British lawmakers are calling for a criminal investigation into the horse meat scandal, saying prosecution is long overdue.
Chair of the cross-party Environment, Food and Rural Affairs Committee, Anne McIntosh, said: "We are dismayed at the slow pace of investigations and seek assurances that prosecutions will be mounted where there is evidence of fraud or illegality.
"The evidence suggests a complex network of companies trading in and mislabelling beef or beef products which is fraudulent and illegal."
The horse meat scandal broke in early 2013 and prompted consumer and retailer concerns, along with government investigations – none of which have resulted in a criminal prosecution. At the height of the controversy, nearly five per cent of meat products sold in the EU were found to contain horse DNA. The highest number of tampered products were sold in France, Greece and Denmark. In the UK, only one per cent of product samples were found to contain horse meat, but that was enough to spark widespread concern about supply chain transparency and regulatory bodies like the Food Standards Agency (FSA).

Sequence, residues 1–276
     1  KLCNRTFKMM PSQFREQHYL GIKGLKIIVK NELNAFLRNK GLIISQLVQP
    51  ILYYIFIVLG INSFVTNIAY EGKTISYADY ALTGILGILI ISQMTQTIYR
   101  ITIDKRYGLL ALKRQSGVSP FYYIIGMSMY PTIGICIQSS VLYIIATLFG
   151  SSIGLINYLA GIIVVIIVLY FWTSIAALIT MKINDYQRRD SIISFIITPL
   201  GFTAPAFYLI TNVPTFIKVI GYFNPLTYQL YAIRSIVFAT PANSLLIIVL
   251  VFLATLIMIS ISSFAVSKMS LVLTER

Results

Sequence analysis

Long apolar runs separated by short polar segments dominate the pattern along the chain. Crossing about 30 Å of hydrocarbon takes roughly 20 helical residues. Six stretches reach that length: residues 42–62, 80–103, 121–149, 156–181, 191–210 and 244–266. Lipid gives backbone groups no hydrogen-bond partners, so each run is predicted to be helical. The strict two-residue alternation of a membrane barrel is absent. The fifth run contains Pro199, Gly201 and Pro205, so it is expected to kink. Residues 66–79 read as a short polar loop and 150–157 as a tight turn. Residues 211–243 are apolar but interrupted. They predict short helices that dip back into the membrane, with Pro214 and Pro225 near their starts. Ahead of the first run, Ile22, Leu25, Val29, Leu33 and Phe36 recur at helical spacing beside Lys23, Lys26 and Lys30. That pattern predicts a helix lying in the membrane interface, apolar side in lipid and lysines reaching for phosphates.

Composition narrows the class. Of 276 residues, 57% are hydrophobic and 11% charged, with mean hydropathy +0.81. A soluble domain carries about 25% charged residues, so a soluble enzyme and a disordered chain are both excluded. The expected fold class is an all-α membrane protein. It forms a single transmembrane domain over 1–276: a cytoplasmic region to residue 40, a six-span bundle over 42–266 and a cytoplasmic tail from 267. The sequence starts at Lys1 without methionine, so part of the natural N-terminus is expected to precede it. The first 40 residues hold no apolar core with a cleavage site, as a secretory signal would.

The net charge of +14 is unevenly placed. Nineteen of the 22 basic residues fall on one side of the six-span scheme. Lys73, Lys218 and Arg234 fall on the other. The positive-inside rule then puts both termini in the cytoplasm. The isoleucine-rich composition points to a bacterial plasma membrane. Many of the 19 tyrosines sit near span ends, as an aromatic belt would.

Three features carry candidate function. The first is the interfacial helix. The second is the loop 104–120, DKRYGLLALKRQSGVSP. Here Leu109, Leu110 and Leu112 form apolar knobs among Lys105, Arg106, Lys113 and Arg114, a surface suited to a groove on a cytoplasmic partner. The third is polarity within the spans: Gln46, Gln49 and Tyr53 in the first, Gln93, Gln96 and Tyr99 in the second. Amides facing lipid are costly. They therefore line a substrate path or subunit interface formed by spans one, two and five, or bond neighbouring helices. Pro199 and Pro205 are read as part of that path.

In response to the scandal, MPs have urged the FSA to strengthen ties with EU regulators in order to put a more thorough food testing process in place.
Mrs McIntosh said: “Regular and detailed DNA tests are needed on all meat or meat-based ingredients that form part of a processed or frozen meat product. Consumers need to know that what they buy is what the label says it is.”
In addition, she said the committee would like to see the FSA “become a more efficient and effective regulator and be seen to be independent of industry”. MPs say improvements to the FSA’s operating strategy would help the regulator stay vigilant and better enforce widespread food sampling.
While the future of the FSA remains unclear and prosecutions for dishonest food suppliers are pending, Britain's grocers have taken action to get meat sales back on track. Many supermarkets have responded to the scandal by increasing testing, while household names like Sainsbury’s and Tesco have pledged to increase supply chain transparency.
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